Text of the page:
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Can SSD Upgrades Boost PS3 Performance?

Digital Foundry tests Skyrim, Rage and a range of hard-drive-intensive titles.

It's impossible to upgrade the in-game performance on your console, right? Every unit is the same, so the gameplay experience should be identical on every machine out there. While this is true for virtually every games console out there, PlayStation 3 is unique in that you can upgrade the stock hard drive with any kind of replacement you like - and that includes state-of-the-art SSD (solid state disk) technology.

SSDs are an enormous upgrade over conventional mechanical drives because they have no moving parts. Normal HDDs work by moving a head across the disk platter, seeking out the file the host unit is asking for, then reading it in. SSDs are different. Everything is written to flash RAM, and every file is accessed with ultra-low latencies - file access is typically in the region of 0.1ms.

Previous research has suggested that the advantages of running an SSD in a PS3 are slight to say the least - indeed, Digital Foundry's PS3 hard drive upgrade guide struggled to find many advantages. Loading times are improved on many titles such as Gran Turismo 5, and you can shave seconds or even minutes off lengthy mandatory installs, but there's little evidence that in-game performance is affected at all.

Despite our findings, SSD performance videos proliferate on YouTube and a majority of them seem to be suggesting that there are tangible improvements in making the upgrade.

A hard drive on the left, an SSD on the right. The HDD has a head that scans across the platter for the right part of the disk from which to read in data, while the SSD has no moving parts, meaning virtually instant access to any file, anywhere.

"Developers are reaching the limits of the console performance, and faced with RAM shortages, game makers are turning to the hard drive to stream in content behind the scenes. So can faster HDDs improve game performance?"

So perhaps now is the time to reconsider the merits of an SSD upgrade - or at least to consider the merits of a faster drive. The bottom line is that the PlayStation 3's life cycle is maturing. Developers are reaching the limits of the machine's performance, and faced with RAM shortages, game makers are turning to the hard drive to stream in content behind the scenes. Games such as id software's Rage demonstrate how developers are coming to rely on the hard drive extensively, while a plausible theory behind the Skyrim lag issue is that the developers relied on the hard drive to cache data in order to make up for the PS3's RAM issues - a school of thought borne out by our dealings with the company in addressing Rimlag: all of our communications with Bethesda seemed to be about the drive we were using and the state it was in.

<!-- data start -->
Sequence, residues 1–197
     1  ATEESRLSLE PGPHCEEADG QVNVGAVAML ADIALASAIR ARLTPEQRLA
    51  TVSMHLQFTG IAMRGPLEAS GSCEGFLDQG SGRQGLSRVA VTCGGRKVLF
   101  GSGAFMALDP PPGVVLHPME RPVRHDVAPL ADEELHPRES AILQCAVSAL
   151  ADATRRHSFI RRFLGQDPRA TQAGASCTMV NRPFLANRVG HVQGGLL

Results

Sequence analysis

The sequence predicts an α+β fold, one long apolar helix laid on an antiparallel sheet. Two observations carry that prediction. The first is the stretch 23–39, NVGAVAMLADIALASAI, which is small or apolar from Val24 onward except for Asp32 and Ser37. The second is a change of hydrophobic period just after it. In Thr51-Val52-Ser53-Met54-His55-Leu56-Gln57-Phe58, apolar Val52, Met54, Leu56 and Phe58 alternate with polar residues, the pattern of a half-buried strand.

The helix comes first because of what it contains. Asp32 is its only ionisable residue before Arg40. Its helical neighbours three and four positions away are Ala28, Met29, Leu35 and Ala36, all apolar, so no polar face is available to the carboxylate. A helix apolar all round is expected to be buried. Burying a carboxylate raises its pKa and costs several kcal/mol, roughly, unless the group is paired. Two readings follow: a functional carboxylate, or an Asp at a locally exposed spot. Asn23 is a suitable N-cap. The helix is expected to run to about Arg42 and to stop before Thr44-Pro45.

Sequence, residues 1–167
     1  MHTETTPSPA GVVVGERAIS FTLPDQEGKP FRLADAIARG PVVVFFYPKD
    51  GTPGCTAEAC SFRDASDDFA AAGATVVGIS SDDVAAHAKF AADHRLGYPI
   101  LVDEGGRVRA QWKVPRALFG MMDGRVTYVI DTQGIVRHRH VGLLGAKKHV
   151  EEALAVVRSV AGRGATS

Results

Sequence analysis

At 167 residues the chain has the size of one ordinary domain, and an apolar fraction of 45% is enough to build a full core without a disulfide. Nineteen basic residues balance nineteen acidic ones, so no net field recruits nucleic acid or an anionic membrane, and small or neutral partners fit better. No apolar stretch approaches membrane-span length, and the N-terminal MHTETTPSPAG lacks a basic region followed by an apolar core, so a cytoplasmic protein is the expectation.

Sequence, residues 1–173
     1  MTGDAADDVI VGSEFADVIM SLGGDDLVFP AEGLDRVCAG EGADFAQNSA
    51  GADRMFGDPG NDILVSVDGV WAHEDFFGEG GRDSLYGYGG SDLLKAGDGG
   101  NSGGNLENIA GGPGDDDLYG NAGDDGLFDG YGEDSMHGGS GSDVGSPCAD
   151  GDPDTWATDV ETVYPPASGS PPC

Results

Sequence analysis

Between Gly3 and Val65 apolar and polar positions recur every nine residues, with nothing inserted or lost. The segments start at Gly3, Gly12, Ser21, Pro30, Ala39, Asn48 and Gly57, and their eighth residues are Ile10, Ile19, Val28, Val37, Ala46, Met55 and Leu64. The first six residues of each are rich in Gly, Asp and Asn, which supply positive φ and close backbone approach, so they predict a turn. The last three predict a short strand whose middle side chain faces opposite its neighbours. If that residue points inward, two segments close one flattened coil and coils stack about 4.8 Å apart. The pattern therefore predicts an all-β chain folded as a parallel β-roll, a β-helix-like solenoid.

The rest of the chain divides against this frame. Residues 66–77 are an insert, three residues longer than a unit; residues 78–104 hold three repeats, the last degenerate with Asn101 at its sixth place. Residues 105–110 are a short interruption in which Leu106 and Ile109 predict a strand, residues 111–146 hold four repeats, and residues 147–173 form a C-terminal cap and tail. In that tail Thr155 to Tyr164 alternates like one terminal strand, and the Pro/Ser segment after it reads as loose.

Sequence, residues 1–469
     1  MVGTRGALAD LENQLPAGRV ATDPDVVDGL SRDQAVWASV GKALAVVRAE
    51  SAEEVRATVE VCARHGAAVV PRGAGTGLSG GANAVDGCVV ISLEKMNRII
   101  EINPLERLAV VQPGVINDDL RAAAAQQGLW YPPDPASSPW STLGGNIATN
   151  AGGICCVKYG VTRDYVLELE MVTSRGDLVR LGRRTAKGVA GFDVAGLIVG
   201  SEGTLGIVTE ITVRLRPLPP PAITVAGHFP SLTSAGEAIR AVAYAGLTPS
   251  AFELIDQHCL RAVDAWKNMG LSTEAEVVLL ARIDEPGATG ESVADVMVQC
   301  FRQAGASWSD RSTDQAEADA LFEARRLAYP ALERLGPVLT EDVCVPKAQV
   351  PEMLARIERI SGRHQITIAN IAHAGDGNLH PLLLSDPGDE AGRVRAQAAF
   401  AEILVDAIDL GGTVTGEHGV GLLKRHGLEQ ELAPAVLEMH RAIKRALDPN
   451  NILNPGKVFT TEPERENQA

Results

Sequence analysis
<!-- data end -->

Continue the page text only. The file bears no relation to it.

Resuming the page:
So can an SSD actually improve in-game performance? We decided to put it to the test across a number of titles. We based our comparisons across three different drives: the standard 60GB HDD that shipped with the launch PS3, a hybrid SSD/7200rpm Seagate Momentus XT, and finally a Samsung PM800 SSD: hardly a state-of-the-art model, but it shouldn't really matter - seek time is king here, and some might argue that 500MB/s throughput is sort of irrelevant when your host system only has 512MB of RAM in total.

We added the Seagate hybrid to the mix for a couple of reasons. Firstly, we wanted to factor in a 7200rpm drive (which should see seek times drop considerably). Secondly, the PS3 also uses the HDD as a cache for developers to use as they will. The hybrid stores the most frequently accessed drive sectors onto solid state memory and our thinking was that the drive may well identify that partition and attempt to make use of it.

Now, let's see what these drives can do with some actual PS3 gameplay...

The Mega Texture Behemoths: Rage and Brink

id software's Rage clearly possessed some intrusive issues in its PS3 iteration, dropping down frequently to sub-HD resolutions and featuring some off-putting texture pop-in. The firm's standards-setting mega texture technology involves breaking down the scene into a multitude of smaller graphical assets which are then streamed in from both the optical drive and the hard disk. In short, it's exactly the kind of game that should stand to benefit from an SSD upgrade.